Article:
One of the city’s notable buildings is the 19th-century Santa María Magdalena Parish Church, although no part of its original structure remains standing. On the altar is an expressive sculpture of Santa María Magdalena, a 1705 work by Nicólas Teite which curiously depicts the saint nude from the waist up. In the church there is also a funeral stele with a sarcophagus which, according to legend, contains the remains of Infante Ordoño of Asturias, the son of Alfonso III the Great and heir to the throne of León, who died in the Battle of Padura. Interestingly, in 1920 the Salón Festivo was opened in the east wing of the church, becoming one of the first movie theaters in Biscay.
San Pedro de Abrisqueta Shrine is possibly the oldest shrine in Biscay; although the current building dates back to the 11th or 12th century, there are several elements that indicate an even earlier origin. On the doorpost of the main entrance there is a decorative motif that may be attributed to the Visigoths, and pre-Roman fragments can be seen on the stained glass window in the apse. Also on the south wall, above a rounded arch, there are remains of Roman funeral steles which were repurposed as construction materials, as was common practice in the Middle Ages.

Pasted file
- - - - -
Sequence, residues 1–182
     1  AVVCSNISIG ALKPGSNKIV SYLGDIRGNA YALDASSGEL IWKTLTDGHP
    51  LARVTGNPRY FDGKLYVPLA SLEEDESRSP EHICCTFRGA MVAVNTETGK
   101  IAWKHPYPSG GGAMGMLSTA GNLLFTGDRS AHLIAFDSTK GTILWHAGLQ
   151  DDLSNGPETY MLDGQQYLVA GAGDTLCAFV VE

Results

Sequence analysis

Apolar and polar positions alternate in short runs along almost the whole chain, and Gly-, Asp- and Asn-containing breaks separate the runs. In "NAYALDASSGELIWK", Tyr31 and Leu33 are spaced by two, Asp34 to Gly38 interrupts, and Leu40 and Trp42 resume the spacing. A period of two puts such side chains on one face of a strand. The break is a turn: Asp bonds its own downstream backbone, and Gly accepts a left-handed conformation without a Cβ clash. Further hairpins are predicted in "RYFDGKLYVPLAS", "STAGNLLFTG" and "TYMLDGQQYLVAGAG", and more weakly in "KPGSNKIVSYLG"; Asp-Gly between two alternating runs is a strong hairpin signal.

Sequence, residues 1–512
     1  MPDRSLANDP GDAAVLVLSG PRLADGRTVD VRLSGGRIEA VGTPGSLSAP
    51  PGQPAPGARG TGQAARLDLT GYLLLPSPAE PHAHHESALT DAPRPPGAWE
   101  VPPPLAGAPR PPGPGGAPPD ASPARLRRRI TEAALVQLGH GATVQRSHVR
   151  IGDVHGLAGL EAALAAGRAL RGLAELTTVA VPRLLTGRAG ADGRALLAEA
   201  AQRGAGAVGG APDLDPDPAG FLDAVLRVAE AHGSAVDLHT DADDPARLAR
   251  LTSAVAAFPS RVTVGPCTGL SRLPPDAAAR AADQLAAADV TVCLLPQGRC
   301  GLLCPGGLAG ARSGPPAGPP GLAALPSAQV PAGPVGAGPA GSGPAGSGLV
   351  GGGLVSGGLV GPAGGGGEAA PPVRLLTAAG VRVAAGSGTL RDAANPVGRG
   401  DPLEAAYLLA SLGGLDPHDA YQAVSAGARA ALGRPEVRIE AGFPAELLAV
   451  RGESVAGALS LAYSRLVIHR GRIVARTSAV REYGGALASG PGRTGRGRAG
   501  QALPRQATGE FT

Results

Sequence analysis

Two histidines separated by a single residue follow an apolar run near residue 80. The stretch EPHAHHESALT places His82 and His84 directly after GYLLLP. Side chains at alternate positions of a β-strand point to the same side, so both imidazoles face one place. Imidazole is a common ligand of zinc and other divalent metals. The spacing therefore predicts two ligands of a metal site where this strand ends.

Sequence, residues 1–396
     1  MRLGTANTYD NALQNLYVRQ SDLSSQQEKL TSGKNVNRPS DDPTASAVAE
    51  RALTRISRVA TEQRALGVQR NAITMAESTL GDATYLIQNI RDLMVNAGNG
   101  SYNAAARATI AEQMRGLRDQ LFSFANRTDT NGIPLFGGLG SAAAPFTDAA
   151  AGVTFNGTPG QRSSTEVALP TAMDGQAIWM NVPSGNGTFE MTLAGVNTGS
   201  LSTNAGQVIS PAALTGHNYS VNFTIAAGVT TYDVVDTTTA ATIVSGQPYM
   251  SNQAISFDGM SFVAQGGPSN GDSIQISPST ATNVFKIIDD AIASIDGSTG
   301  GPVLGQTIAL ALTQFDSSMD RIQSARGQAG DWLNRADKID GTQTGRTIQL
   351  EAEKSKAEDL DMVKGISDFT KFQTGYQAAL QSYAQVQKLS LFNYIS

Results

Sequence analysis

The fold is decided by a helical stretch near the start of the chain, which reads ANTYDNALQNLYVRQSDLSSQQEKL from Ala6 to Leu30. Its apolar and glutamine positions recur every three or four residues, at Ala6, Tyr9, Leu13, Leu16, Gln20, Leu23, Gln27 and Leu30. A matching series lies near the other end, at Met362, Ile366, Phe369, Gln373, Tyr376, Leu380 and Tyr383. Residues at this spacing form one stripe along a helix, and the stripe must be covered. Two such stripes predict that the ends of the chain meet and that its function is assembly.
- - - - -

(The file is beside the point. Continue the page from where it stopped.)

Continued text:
Santo Cristo de Landaederraga Shrine, which dates from 1655 although it has undergone several renovations since then, is notable for the austerity of its decoration and especially for the sculpture of Jesus on the cross which is housed inside.
When it comes to Arrigorriaga’s civil assets, the town hall stands out and is the result of several renovations. In 1940, the original 1777 building was fodder for the great fire which also wiped out most of the town archives. The most recent renovation was undertaken in 2011, giving the town hall a more modern appearance.
Moyordín Bridge, today surrounded by a beautiful wooded area, was a strategic bridge that in the 19th century served as the stage for two battles between the liberals and the Carlists, whose defeat of Arrigorriaga was a stepping stone to the sieges that ultimately allowed them to capture Bilbao.
For travelers with curiosity and time to spend, there’s a lot to see in Arrigorriaga. We recommend the tour called “El Secreto de las Piedras Rojas” (“the Secret of the Red Stones”) which is organized by the town. On this free cultural tour, lasting an hour and a half, a written guide will take you on a walking tour of the town’s most significant historical events, customs, and places. The route begins in an old school building in Plaza de Arrigorriaga.